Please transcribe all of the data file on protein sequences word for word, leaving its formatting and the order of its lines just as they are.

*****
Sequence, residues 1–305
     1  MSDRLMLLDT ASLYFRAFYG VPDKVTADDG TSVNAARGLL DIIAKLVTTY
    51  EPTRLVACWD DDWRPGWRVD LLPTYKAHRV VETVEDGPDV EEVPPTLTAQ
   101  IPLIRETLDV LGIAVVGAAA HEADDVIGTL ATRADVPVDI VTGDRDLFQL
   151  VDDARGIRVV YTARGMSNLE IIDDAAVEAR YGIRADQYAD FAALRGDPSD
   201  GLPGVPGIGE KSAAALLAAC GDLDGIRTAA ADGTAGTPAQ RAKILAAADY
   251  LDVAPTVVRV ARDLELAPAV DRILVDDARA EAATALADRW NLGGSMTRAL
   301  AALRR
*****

Sequence, residues 1–305
     1  MSDRLMLLDT ASLYFRAFYG VPDKVTADDG TSVNAARGLL DIIAKLVTTY
    51  EPTRLVACWD DDWRPGWRVD LLPTYKAHRV VETVEDGPDV EEVPPTLTAQ
   101  IPLIRETLDV LGIAVVGAAA HEADDVIGTL ATRADVPVDI VTGDRDLFQL
   151  VDDARGIRVV YTARGMSNLE IIDDAAVEAR YGIRADQYAD FAALRGDPSD
   201  GLPGVPGIGE KSAAALLAAC GDLDGIRTAA ADGTAGTPAQ RAKILAAADY
   251  LDVAPTVVRV ARDLELAPAV DRILVDDARA EAATALADRW NLGGSMTRAL
   301  AALRR